What is the new old fashioned way? I think that's the question the Wachowskis asked themselves when they made 2015's Jupiter Ascending, which apparently they were commissioned by Warner Brothers to make as the first film in a potential franchise. Judging from the meagre performance at the box office it's not likely to be spawning sequels any time soon. It is a fundamentally flawed film, an improvement over Cloud Atlas, the previous film of the Wachowskis', but still fails to capture the vibrant inventiveness of Bound and the first Matrix film.
I wonder if Jupiter Ascending was meant to be Warner Brothers' answer to Guardians of the Galaxy, the two films must have been made over roughly the same period of time. Both are space operas involving a fish out of water, earthling protagonist, both seem to have been heavily influenced by Farscape. Guardians is the superior film but there are actually some things I like about Jupiter Ascending better--it's not as sappy; the costumes, makeup, and set designs are far more beautiful; and it makes that earthling protagonist female, which is always a plus in my book.
However, the film indulges in a kind of story device that has been avoided by makers of fantasy films for over decade now and has been vociferously denounced by the average analytic geek even after it's been pretty much dead in Sci-Fi/Fantasy for so long: the damsel in distress. Jupiter Ascending is made up of a prelude, four acts, and one Terry Gilliam tribute interlude. In each act, Jupiter Jones (Mila Kunis) is vulnerable in a strange, bewildering, threatening situation while Caine (Channing Tatum) is desperately trying to rescue her. In a sense, he's the Aeryn Sun to her John Crichton--he was genetically engineered as a warrior and has trouble dealing with the strong emotions she makes him feel while she inserts the random, earthly wisecracks that worked so well in Guardians of the Galaxy and Farscape. Unfortunately, the Wachowskis made the mistake of thinking that what made John Crichton and Star Lord work so well is that they're normal guys in a strange situation. Actually, neither one of them is normal which, in turn, actually makes them normal--human. Star Lord in some ways is still the little kid who was abducted by aliens while Crichton is a test pilot, kind of the classic definition of someone who's not normal.
Jupiter cleans toilets for a living. It's very, very clear that the Wachowskis have never supported themselves by cleaning toilets, the generally clean homes and bathrooms shown and Kunis' invariably perfect hair, makeup, and clothes, and her enormous home her Russian emigrant family live in in New York city, sabotage any attempt to relate to her as an average working dame. Though it's not quite as disastrous as when she has the means to rescue herself and her family from cleaning toilets for a living and doesn't take the opportunity for unexplained reasons.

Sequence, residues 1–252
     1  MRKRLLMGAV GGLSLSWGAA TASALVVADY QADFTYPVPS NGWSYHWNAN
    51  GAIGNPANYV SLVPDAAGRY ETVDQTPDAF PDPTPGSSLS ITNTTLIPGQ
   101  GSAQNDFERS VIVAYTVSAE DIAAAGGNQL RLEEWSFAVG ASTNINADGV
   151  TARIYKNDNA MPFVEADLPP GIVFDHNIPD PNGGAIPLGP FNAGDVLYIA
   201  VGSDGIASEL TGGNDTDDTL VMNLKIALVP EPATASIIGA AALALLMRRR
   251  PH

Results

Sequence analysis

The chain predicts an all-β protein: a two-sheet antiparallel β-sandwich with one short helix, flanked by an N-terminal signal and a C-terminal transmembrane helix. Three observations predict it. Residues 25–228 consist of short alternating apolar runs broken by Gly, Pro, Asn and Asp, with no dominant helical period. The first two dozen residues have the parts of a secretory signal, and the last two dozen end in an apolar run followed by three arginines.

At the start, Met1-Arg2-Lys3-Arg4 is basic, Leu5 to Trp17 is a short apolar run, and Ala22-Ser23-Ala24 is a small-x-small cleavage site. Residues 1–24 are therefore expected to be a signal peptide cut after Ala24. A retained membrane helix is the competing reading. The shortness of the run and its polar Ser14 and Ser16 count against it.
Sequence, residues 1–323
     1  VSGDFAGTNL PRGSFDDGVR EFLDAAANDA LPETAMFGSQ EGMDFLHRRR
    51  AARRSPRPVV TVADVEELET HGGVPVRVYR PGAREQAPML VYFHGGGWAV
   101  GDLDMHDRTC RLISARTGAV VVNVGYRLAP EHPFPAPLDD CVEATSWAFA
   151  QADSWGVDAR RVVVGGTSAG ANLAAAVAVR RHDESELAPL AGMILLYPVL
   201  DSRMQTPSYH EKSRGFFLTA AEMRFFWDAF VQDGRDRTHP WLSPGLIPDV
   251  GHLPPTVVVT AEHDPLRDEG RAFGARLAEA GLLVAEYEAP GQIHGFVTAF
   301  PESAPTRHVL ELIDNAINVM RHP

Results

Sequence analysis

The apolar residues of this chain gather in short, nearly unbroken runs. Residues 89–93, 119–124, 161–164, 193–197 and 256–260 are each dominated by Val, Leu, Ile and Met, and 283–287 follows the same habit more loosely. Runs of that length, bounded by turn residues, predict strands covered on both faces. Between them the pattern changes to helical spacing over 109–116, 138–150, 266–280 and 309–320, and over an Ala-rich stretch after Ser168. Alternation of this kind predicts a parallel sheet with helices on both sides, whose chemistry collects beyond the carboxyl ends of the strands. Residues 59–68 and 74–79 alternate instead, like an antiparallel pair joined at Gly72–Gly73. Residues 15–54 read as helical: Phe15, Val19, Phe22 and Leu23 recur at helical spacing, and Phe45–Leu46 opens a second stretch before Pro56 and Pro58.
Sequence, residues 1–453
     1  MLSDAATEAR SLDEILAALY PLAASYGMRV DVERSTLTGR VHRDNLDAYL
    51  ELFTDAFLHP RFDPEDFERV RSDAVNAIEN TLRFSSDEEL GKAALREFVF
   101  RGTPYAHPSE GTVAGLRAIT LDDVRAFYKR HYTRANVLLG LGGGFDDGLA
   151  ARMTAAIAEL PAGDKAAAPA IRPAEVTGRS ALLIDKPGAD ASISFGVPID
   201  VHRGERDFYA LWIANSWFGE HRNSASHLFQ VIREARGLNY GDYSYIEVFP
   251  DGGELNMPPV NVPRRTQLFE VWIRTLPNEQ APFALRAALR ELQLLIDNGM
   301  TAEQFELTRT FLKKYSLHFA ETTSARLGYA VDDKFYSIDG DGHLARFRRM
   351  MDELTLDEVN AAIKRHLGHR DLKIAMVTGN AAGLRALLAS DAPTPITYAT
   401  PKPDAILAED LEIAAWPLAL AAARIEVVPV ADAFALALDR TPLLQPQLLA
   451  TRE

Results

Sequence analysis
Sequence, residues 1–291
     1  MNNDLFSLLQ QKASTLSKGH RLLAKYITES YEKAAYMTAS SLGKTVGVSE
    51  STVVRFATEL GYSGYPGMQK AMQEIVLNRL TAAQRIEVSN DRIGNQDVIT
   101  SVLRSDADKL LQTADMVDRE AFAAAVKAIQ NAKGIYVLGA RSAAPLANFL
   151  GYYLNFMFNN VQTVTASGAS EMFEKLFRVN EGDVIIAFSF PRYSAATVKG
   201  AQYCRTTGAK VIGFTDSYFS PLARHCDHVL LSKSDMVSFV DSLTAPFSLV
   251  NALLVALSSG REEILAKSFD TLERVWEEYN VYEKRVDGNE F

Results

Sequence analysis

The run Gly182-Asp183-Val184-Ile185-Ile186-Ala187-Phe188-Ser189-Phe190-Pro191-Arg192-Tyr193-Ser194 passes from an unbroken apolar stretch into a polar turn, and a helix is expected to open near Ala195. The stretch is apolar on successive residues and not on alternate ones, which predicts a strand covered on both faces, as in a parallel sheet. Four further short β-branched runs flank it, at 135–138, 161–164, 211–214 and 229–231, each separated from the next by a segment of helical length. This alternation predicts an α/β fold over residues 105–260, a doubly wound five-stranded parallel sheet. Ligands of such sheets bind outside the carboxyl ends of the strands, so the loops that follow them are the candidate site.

Also, Star Lord and Crichton have agency. Sometimes they need rescuing but they have ideas that move themselves from place to place, they contribute to plans the group is making. Jupiter is basically passed from one villain to another like a potato while Caine is struggling to catch up. I don't mind a damsel in distress story on principle, one of my favourite movies of all time is the Errol Flynn Robin Hood. But Tatum's character doesn't have the charm of Errol Flynn and the battles he engages in aren't as interesting. The movie clearly banked on Jupiter carrying the personality load and while I do think Kunis is perfect casting for that the screenplay cuts the floor out from under her by attempting to make her some theoretical idea of normal.
Maybe they were aiming for a Twilight style young adult fiction where the protagonist usually is this glossy, boring version of normal. But I think to write that kind of boring character and story properly you have to also be a boring person, much more boring than the Wachowskis.
Sean Bean is a welcome respite from Tatum in a supporting role and there's a cute scene with bees. The main Sci-Fi concept of the film, which I won't spoil for you, is interesting and somewhat reminiscent of Dune but much more vicious. As usual when critics say a movie is confusing Jupiter Ascending isn't remotely confusing. If the Wachowskis had remembered what made Bound and Matrix good was that the protagonists were a bit larger than life, Jupiter Ascending might have been a really good film.